The Tale of Sheger

New City Displaces Thousands

Ethiopians have been internally displaced for a variety of reasons over the last couple of years. The security challenges posed by Shene, a group labeled a terrorist organization in Wolega, Western Oromia, or by Gumuz Militants in the State of Benishangul Gumuz, or during the war between the federal government and the Tigray People’s Liberation Front (TPLF), have all shown Ethiopians the height of social and economic challenges. The most recent reason for displacement, however, is related to the establishment of a city- Sheger, a name previously used to refer to the capital Addis Ababa. In this article, EBR’s Trualem Asmare tries to depict the plight of citizens who are displaced following the plan to establish the new city.

To form one metropolis, the towns of Sebeta, Burayu, Legatafo, Lededadi, Sululta, and Gelan, which encircle Addis Abeba in all directions, have been consolidated under a single mayoral administration. Shimelis Abdisa, president of the State of Oromia, along with notable faces in Oromia, announced the launch of the operations of the new administration on February 26, 2023.

The news of the launch of the new city’s administration in Addis Ababa was not as lavish as it seemed. The news was accompanied by reports of house demolitions, and displacements of people, mainly to Addis Ababa and Debre Birhan in the State of Amhara. Following the demolitions,

Megenagna in Yeka District, Mexico in Lideta District, Ayat in Lemi Kura District, and other areas have witnessed migrants who have been forced to live on the streets. Abeba Kebede (not her real name) is a 45-year-old woman and mother of four. Abeba lived with her children in Tafo, one of the towns where these demolitions were taking place. She lost her husband three years ago and has been raising the children alone by selling onions and potatoes on the street. Having lost her house due to the demolition in her town, she and her children were forced to flee to Addis Ababa and live on the streets. ‘’When my house was destroyed, they didn’t even give me time to take out my belongings,” Abeba told EBR. “I had nowhere to go and no one to support me, so I was forced to go out on the streets.” Abeba claims to be in a terrible situation. Abeba and her children had a good life before the demolitions and the life that followed. She used to send them to school and was able to support them in any way until she couldn’t. Abeba is now forced to beg from bypassers at Megenagna.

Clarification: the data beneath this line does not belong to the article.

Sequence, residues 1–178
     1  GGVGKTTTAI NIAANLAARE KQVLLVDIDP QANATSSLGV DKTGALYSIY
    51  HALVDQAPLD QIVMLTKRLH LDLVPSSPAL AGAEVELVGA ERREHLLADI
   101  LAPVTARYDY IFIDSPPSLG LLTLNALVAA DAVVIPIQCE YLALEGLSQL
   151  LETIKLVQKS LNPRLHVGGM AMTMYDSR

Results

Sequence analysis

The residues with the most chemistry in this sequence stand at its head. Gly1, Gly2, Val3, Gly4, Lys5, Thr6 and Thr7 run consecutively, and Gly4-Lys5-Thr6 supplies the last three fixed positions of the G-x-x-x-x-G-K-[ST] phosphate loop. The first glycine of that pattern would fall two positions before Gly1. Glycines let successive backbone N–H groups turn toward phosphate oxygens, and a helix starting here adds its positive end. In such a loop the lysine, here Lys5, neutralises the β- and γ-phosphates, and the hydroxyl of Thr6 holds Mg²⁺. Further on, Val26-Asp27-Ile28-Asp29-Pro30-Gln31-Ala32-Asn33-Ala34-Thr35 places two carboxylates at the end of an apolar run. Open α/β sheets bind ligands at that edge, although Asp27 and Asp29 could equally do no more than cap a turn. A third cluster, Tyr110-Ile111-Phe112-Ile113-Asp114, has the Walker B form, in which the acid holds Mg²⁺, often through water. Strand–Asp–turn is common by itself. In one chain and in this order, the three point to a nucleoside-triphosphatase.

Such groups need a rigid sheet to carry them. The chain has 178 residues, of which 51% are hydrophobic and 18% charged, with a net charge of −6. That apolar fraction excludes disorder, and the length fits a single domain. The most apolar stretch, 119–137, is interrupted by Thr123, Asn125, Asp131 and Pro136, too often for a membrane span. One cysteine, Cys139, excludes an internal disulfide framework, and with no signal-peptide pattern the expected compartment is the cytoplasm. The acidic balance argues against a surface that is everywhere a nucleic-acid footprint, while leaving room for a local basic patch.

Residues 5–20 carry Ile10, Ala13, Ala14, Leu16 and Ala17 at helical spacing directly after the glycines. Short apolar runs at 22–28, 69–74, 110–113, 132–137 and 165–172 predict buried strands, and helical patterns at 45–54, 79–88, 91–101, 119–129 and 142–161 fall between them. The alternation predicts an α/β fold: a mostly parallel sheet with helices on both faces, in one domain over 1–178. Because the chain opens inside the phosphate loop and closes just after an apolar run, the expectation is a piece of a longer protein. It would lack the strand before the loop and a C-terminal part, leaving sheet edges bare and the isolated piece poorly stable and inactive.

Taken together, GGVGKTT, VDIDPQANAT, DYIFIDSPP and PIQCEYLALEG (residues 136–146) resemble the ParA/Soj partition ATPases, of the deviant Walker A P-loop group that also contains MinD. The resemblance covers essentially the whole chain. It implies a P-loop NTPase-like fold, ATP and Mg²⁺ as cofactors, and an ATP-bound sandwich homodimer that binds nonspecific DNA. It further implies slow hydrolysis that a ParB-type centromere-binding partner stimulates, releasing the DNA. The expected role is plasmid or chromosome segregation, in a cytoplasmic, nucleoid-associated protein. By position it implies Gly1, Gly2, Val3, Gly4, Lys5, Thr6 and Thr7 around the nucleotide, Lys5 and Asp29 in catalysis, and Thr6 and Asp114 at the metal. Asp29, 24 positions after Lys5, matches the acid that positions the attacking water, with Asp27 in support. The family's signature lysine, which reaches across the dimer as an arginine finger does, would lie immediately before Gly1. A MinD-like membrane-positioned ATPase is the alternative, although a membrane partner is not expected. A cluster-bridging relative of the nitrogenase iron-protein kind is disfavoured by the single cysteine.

At the beginning, Abeba and her children were able to get by on begging. However, the following weeks after she was forced out, the streets were filled with displaced people from her town and others around Addis Ababa competing for the generosity of Addis Ababans. “My children are all girls, and I am very afraid that they might be sexually assaulted,” Abeba told EBR. “I have never thought that I would hate my life this much.’’

Sharing the same story with Abeba is Mengistu Teka. 65 years old father of five who used to live in Tafo. The diabetic elderly man is now out on the streets of Mexico in the Lideta District. When EBR approached Mengistu, he sent his wife and children to beg. He couldn’t do it because his diabetes was getting worse, and he was afraid he’d fall very ill if he got too hungry.

‘’Our situation is very dire,” Mengistu told EBR. “I was forced to stop all of the treatments for my health challenges.’ Mengistu’s children used to work as daily laborers and come home with enough money to keep the family afloat before being forced onto the streets of Addis Ababa. The only challenge was feeding the family, as they didn’t have to rent their house.

Now feeding the family, getting a roof over their heads, and managing their father’s diabetes are all high priorities. As the demolitions have offered no alternative to citizens, first the families go to the cheapest hotel and stay there, pleading with authorities to reconsider their decision. As the days go by and they have sold all the items they had with them, families are then forced to go out on the streets with their children. Slowly but surely, they even sell the clothes on their back when they were forcefully evicted, just to feed their children. This is not the story of just one or two families, but of hundreds currently living in a dire situation after being forced out of their homes.